Often Bailiffs are approached by Ontario Commercial Landlords, whose tenant is in arrears, with the request “Lock Them Out”. Their intent being to hold the goods located inside the leased premises as ransom or to liquidate the goods to recover rental arrears.
As a result we are regularly explaining that among the remedies available to Ontario Commercial Landlords the procedures known as TERMINATION (a.k.a. lock them out) and DISTRESS (seizure / sale) are inconsistent remedies in law, meaning they cannot be conducted simultaneously.
Recent court precedence takes the position that when a landlord, while intending to distress, changes the locks (preventing the tenant access to the premises) they are deemed to have terminated the lease. In addition to forfeiting the goods a landlord may also be liable to the tenant for costs, loss of business and punitive damages.
When a Commercial Tenant or a Industrial Tenant has failed to pay rent, the Landlord can Distrain against the tenants goods:
- We Offer Certified and Accredited Appraisals
- FREE Lease Consultations
- FREE Landlord Consultations
- We will Liquidate and Proceed for the Sale of Inventory
- We Provide Storage Facilities & Security when required to protect the goods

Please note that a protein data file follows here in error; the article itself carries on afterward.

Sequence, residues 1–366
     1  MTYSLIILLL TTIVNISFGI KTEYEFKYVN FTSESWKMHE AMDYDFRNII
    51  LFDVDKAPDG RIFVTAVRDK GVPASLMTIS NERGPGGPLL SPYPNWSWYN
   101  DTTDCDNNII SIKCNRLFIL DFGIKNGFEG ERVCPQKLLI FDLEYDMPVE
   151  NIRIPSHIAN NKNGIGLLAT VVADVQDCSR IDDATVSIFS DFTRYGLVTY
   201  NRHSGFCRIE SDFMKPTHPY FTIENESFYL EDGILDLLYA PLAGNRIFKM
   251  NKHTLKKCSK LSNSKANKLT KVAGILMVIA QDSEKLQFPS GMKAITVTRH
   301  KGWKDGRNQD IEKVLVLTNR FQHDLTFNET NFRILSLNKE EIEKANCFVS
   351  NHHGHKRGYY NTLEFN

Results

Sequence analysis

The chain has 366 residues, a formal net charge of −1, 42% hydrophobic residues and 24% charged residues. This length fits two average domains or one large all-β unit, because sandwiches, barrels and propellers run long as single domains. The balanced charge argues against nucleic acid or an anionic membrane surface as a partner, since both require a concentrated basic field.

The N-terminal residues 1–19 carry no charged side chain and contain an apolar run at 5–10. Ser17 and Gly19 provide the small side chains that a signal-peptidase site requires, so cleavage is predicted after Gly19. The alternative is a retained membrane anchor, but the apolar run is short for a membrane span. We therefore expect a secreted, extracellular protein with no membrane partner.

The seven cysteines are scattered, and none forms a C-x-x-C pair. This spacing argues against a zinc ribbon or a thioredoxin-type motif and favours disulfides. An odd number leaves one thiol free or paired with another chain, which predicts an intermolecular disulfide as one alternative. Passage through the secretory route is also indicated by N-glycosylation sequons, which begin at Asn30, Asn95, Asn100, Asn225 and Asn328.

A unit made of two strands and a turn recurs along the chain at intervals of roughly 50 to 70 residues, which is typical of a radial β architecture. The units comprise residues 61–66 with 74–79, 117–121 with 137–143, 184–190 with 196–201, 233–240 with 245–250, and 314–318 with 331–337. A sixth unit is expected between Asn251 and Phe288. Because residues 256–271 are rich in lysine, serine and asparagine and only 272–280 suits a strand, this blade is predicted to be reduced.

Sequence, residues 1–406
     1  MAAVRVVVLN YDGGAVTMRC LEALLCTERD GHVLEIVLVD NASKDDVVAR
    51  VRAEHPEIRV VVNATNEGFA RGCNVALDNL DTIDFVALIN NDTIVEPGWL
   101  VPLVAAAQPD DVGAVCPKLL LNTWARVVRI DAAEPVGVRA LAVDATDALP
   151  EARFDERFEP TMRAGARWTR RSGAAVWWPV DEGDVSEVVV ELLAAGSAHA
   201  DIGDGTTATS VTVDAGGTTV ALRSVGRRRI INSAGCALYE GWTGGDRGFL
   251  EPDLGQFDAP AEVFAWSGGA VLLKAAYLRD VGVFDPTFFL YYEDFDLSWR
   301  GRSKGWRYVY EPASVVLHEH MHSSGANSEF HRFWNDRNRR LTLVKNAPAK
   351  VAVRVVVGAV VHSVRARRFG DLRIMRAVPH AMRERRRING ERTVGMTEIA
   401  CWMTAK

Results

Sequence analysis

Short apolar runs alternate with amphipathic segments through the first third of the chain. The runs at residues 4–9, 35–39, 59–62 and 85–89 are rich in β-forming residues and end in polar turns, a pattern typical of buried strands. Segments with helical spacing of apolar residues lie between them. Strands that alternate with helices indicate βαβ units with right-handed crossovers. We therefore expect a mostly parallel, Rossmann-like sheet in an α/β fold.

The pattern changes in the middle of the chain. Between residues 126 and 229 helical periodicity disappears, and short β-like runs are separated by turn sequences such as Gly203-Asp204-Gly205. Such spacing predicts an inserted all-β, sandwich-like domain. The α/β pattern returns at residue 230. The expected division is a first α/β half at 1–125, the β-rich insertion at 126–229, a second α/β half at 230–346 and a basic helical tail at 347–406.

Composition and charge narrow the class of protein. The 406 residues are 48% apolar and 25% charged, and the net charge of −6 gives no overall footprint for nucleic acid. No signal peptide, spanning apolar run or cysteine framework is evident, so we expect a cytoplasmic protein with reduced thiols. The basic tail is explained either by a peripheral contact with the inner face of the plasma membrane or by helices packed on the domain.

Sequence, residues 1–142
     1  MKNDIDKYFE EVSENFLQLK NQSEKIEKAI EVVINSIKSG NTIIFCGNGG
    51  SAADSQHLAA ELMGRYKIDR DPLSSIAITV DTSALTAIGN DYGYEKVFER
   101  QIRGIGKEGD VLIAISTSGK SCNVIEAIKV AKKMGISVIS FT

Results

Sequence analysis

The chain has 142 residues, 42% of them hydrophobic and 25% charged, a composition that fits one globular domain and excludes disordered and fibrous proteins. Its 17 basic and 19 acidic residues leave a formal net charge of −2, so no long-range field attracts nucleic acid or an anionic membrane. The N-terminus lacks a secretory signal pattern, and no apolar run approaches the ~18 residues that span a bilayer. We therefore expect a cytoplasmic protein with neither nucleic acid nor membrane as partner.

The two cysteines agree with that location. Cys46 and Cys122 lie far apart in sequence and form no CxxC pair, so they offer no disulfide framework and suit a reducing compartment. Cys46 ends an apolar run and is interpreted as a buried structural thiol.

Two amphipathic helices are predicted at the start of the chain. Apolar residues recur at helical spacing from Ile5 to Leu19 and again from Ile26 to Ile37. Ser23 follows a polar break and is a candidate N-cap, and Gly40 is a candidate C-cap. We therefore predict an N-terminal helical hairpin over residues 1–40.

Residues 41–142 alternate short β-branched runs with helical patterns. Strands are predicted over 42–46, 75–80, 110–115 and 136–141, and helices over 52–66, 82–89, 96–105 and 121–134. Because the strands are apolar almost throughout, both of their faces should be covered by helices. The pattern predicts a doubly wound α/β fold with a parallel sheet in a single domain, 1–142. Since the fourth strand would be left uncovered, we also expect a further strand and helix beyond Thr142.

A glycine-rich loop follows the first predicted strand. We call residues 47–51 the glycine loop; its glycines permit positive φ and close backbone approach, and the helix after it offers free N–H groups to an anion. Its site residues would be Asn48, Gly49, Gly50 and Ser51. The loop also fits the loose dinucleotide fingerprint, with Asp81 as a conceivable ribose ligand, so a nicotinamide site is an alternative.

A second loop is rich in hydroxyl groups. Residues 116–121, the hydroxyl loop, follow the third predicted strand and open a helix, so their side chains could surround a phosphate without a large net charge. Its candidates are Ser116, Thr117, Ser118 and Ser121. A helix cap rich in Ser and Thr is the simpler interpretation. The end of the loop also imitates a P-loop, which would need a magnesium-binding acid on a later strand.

- Commercial Distraints are normally carried out without cost to you the landlord.
- $ 0 Cost to the Landlord when tenant's ASSETS/INVENTORY is sufficient to cover rental arrears and bailiff fees and disbursements.
- When inventories do not quite cover all costs, a suitable fee will be worked out, in advance, between the landlord and Bailiff.
A landlord can hire a Bailiff to seize and dispose of a tenant's property that is contained within the rented premises. The landlord is not required to give advance notice of seizing the tenant's property, unless the lease provides for it. However, Ontario Bailiffs are required to notify the tenant of the distress and the sum of monies required to cure the default before proceeding to sell the seized property.
see our Pricing Page for more details
Before disposing of seized property, the Bailiff must hold it for five days. If the proper payment is made by the tenant in this five day period, the Bailiff is not permitted to sell the tenant's property. Otherwise, after the proper appraisals are made, the property can be sold. There must be 2 independent accredited personal property appraisals done before liquidation of the assets can be sold.
January 1st – rent due and not paid
January 2nd or later – seize tenant's property and notify the tenant of intent to dispose
Five days after seizure – the Bailiff must obtain 2 independent- Accredited Personal Property Appraisals. Once the Certified Appraisal Reports are finished, the goods can be sold privately; by auction or in most cases, they can be disposed of. This happens not unless proper removal of the goods has not been made before the 5 days, or suitable arrangements to remove the goods from the premises.